Grammar Girl

Grammar Girl is ready… ready to take on the dastardly foes of bad grammar, poor spelling and no punctuation. But has she learnt enough from her old tutor and superhero Captain Grammaticus to foil the plans of the most fiendish villain of them all…?

Find out in Grammar Girl, a new play on spelling, grammar and punctuation now available at three different levels:

Key Stage 1: we look at adding prefixes and suffixes, sequencing sentences, punctuating sentences, using conjunctions, expanding noun phrases, progressive verbs, using commas and apostrophes.

Lower Key Stage 2: we look at prefixes and suffixes, using conjunctions, the present perfect tense, expanding noun phrases, using fronted adverbials, punctuating direct speech, using nouns and pronouns and commas.

Upper Key Stage 2: we look at prefixes and suffixes, relative clauses, modal verbs, punctuation of parentheses, using colons and semi-colons, synonyms and antonyms, using the passive tense.

Feedback

“The children loved the pace and enthusiasm. They learnt a lot. Thank you.” Ashford Prep. School, Kent TN24

“Very informative and a fun way to learn SPaG.” West Minster Primary School, Sheerness, Kent ME12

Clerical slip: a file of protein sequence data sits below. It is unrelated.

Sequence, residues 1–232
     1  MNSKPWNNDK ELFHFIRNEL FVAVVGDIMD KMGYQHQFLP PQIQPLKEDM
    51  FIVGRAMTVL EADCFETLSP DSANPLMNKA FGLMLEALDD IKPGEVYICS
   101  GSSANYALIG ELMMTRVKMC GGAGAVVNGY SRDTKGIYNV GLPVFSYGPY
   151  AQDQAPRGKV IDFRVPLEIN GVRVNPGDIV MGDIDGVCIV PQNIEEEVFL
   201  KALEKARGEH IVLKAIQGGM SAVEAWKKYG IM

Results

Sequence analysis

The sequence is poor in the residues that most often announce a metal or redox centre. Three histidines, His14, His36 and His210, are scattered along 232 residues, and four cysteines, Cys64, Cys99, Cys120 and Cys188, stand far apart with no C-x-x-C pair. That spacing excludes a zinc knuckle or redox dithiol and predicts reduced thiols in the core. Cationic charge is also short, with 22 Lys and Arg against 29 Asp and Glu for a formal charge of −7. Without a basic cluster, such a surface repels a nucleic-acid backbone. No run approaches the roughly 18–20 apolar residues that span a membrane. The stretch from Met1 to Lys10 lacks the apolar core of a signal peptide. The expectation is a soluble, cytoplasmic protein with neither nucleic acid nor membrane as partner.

“An absolutely brilliant performance which the children thoroughly enjoyed. Such an entertaining way of teaching punctuation and grammar.” Manorfield Primary School, Horley, Surrey RH6

“Absolutely fab..Would love to have you back…they learnt so much and it was also great revision.” Greenmeadow Primary School, Swindon SN25

“Fantastic morning!” Priestley Primary School, Calne, Wiltshire SN11

“Children loved the superhero theme, content on the screen was perfect and engaged children really well.” Twerton Infants School Bath BA2

OUR REQUIREMENTS: A space approximately 15ft x 15ft at one end of a school hall (raised or on the flat is fine) and access to a plug socket. Actors will introduce themselves to office staff on arrival and need their small van as close as possible to the performance area for loading and unloading.

SET-UP TIME: 45 minutes
DURATION: 60 – 65 minutes
PACK-UP TIME: 30 minutes
AUDIENCE LIMIT: 300

PRICES Please call or email us with your requirements as we often have special offers depending on where in the UK you’re based and when you want your show.

We invoice by post or email after the event and all our fees are fully inclusive apart from VAT.

Teachers' Notes

Download notes as a pdf.: grammar-girl-notes
The play follows the secret superhero Grammar Girl as she tries to find out what happened to Captain Grammaticus (who has disappeared from his nursing home for retired Superheroes) and along the way looks at various SPAG sections of the National Curriculum. There are three different versions of the play, for KS1, Lower KS2 or Upper KS2 and we look at the following topics: